U.S. Vice President Mike Pence has told Japan that the United States is ready to work with its Asian allies to halt North Korea’s drive toward nuclear weapons.
Pence landed in Tokyo on April 18 after visiting South Korea, where the vice president reassured the region of the “iron-clad” alliance they share with the United States.
Pyongyang has accelerated its nuclear and missile tests in recent years, despite international condemnation and UN sanctions.
"Under President Trump, the United States will continue to work with Japan and with all our allies in the region, including South Korea, to confront the most ominous threat posed in this region of the world, the regime in North Korea,” Pence said after meeting senior Japanese officials including Prime Minister Shinzo Abe.
“Let me be clear, our commitment is unwavering and our resolve could not be stronger," Pence said. "We are with you 100 percent."
On April 17, a day after a failed North Korean missile test, Pence said that Washington’s “era of strategic patience is over” and that “all options are on the table” in regard to how to deal with North Korea's nuclear weapons and ballistic missile programs.
U.S. President Donald Trump on April 17 warned North Korean ruler Kim Jong Un that he has "gotta behave."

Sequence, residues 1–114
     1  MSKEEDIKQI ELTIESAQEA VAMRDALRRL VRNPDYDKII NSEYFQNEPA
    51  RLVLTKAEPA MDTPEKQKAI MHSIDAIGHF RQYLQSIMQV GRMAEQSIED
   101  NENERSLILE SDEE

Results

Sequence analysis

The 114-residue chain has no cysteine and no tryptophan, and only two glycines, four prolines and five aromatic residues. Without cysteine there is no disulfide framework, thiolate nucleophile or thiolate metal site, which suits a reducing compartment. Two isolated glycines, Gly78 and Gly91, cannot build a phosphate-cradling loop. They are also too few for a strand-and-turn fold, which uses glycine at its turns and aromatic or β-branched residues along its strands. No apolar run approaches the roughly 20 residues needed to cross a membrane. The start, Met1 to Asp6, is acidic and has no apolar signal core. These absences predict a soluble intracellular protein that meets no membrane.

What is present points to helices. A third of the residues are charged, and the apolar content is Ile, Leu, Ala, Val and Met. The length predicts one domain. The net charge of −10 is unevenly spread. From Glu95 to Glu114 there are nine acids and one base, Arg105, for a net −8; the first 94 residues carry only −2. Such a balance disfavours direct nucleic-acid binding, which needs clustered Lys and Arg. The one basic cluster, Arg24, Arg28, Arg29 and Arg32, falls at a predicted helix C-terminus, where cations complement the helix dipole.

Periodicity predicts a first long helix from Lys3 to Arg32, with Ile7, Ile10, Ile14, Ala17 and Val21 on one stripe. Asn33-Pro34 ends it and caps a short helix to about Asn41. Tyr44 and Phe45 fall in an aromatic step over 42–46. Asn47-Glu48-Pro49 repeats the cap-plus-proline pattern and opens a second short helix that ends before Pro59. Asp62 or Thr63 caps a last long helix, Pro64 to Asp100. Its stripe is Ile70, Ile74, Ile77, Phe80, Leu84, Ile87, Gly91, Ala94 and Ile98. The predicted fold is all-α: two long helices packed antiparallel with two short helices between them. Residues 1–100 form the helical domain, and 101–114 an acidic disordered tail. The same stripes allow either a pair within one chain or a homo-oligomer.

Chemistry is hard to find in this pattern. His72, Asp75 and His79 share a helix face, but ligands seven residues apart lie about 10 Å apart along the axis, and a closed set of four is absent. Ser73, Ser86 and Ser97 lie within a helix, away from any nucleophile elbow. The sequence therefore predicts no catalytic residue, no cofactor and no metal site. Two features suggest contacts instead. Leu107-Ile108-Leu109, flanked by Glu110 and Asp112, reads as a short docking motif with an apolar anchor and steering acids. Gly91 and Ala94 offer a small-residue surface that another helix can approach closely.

Pence said he was confident that diplomatic and economic pressure could be combined to help freeze North Korea’s nuclear ambitions.
The vice president, who is on a 10-day Asia trip that also includes visits to Indonesia and Australia, said Trump hopes China will use its influence to push North Korea into abandoning nuclear weapons and ballistic missile programs.
Abe said on April 18 that it was important "to seek diplomatic efforts as well as peaceable settlements of the issue."
The Japanese prime minister also said that, at the same time, "dialogue for the sake of dialogue is valueless and (it) is necessary for us to exercise pressure."
After meeting with Abe, Pence held talks with Japan’s Deputy Prime Minister Taro Aso on creating a new economic dialogue.
Aso said further talks on economic ties would be held before the end of 2017.
“Security and economy are two wheels supporting Japan-U.S. alliance for the stability of the Asian Pacific region,” Aso said.